I’m glad she was the one who thought of playing Indian music in the kitchen, and we all loved to help her cook Indian food, for the enlightened and embracing American friends.

Today, August 14, is a good day for us — to celebrate.

Sincerely, in love and gratitude,

Partha Banerjee

Brooklyn, New York


MK foods
Courtesy: Mukti’s Kitchen, Brooklyn, New York.

Manna Dey’s Magic

ImageManna Dey, 1919-2013.

I promised to write one more article on Manna Dey, Bengali-Indian musician, who passed away just a week ago.

If you have time, you can read the two previous articles I posted in the last few days. Here is the link.

I’m not sure how many of my global readers actually have the desire to read a third article on an artist they don’t know anything about. In this so-called globalized society, where people from various parts of the world should know more about other countries, other cultures, other religions and various aspects of life, only a particular brand of news is getting across — via corporate media — and news not conforming to that corporate model are falling through the cracks. Nobody knows what languages South Indians or Central Africans speak. Nobody knows what is the staple food in Mongolia or Mali. Nobody knows what is the November weather like in Sumatra, Suriname or Slovania.

Worse, nobody even cares to know, unless it’s got something to do with their own lives. Knowing the unknown does not matter.

Yet, I can’t help but talk about my own language, my own music, my own culture and my own traditions, beliefs and likes and dislikes. And going against the grain, I even try to analyze why I like and dislike. My hope is that some people would read what I have to say, and find some type of a common thread across their likes and dislikes with mine.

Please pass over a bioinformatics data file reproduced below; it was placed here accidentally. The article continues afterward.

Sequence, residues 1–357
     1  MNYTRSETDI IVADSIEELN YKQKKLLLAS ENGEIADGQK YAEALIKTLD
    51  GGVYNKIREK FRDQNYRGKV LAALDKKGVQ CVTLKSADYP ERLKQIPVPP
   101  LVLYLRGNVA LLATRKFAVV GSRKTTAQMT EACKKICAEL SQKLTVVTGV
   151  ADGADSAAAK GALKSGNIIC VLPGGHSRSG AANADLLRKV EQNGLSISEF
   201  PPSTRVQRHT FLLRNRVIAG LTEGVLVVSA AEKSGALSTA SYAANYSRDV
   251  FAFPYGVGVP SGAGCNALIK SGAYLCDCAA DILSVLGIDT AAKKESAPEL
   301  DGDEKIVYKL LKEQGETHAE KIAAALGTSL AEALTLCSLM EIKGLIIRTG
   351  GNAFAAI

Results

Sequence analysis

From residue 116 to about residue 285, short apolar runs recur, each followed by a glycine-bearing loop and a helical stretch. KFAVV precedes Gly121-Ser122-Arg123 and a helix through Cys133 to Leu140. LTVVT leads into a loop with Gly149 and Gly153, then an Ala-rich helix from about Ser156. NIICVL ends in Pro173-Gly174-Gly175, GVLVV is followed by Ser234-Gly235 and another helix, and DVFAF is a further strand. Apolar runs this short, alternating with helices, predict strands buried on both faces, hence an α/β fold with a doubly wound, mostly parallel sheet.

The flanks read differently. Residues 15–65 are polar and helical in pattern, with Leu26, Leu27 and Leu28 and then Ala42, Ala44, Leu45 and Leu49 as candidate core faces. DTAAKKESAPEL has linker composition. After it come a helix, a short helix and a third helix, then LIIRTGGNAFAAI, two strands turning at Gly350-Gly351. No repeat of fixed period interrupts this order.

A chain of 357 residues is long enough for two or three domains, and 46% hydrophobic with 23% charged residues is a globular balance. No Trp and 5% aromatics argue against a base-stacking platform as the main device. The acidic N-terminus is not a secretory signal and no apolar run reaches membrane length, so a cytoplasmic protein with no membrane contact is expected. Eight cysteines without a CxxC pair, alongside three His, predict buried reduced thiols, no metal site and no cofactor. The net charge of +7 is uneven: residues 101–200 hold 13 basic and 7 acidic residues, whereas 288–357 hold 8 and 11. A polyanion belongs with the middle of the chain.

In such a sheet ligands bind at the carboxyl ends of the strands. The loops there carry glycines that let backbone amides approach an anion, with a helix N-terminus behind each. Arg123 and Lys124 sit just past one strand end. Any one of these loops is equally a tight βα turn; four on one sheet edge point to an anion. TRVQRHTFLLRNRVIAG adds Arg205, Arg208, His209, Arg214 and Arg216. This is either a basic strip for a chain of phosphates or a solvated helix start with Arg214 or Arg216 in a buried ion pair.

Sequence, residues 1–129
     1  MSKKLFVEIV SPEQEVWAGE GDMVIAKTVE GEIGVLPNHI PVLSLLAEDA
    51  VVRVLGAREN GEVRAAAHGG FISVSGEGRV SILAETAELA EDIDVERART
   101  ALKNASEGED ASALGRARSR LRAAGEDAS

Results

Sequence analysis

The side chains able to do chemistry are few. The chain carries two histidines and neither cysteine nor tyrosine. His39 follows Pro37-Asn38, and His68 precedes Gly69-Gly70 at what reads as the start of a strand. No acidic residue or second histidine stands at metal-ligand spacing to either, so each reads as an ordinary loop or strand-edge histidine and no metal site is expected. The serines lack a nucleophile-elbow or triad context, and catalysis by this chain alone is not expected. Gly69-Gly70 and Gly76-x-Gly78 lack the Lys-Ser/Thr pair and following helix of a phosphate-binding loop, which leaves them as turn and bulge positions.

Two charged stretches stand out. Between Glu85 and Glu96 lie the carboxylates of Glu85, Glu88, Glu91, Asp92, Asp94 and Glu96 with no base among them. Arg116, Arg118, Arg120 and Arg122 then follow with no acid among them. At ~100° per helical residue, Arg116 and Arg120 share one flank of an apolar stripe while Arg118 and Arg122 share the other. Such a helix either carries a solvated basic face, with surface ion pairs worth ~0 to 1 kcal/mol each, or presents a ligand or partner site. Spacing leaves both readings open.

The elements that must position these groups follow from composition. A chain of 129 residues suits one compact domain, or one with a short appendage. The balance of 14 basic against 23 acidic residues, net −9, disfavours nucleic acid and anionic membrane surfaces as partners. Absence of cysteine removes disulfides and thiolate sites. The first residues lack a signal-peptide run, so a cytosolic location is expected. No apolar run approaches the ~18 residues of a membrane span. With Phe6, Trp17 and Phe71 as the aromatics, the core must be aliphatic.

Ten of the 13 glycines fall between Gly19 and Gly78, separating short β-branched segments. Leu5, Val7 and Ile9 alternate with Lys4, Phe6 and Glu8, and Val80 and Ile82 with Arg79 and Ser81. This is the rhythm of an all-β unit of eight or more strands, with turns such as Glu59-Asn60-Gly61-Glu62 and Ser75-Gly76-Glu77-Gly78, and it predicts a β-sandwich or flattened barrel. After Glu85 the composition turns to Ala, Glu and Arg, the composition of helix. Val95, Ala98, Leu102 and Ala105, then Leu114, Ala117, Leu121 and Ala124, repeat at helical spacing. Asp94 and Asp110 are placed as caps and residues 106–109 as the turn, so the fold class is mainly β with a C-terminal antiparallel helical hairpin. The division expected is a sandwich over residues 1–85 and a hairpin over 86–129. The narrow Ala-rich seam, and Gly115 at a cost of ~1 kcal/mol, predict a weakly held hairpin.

One of the rarely received Bollywood awards.
One of the rare Bollywood awards.

That is the bridge building I’m trying to achieve. It does not matter if I live in New York or Calcutta, and you live in Paris or London, Prague or Lima, Lisbon or Perth.

My hope is that even with your different language, lifestyle and cultural experience, you’ll be able to understand mine. You’ll understand the examples I’m using below to illustrate Manna Dey’s magic.

I won’t say much. I’m putting together a VERY short list of songs the just-passed artiste recorded throughout his long life. This is only a few out of his 3,500 recorded songs in scores of languages. I invite you to listen to them by clicking on the link, and see for yourself if the melody, or the fun, or the theatrics, or the voice modulation, or the romance touches you. (Bengali film song, starring Soumitra Chatterjee of Apu Trilogy fame and Tanuja) (Hindi film song, one that made Bollywood superstar Rajesh Khanna a household name) (Bengali non-film song sung in his early years) (simple, romance song sung in his early years) (Hindi film song, tuned after a famous Nazrul Islam) (Bollywood song that literally made Amitabh Bachchan a superstar in the 70s — ignore the typical idiosyncrasy in the movie sequence) (fun song from a 70s Bengali movie) (Bengali “rap” — theatrical, extempo duel between country bards — from film on poet Anthony) (Manna Dey sings a rare, Bengali boatmen’s song, tuned by another genius Salil Chowdhury) (one of my favorite Bengali non-film hits) (a famous D. L. Roy song)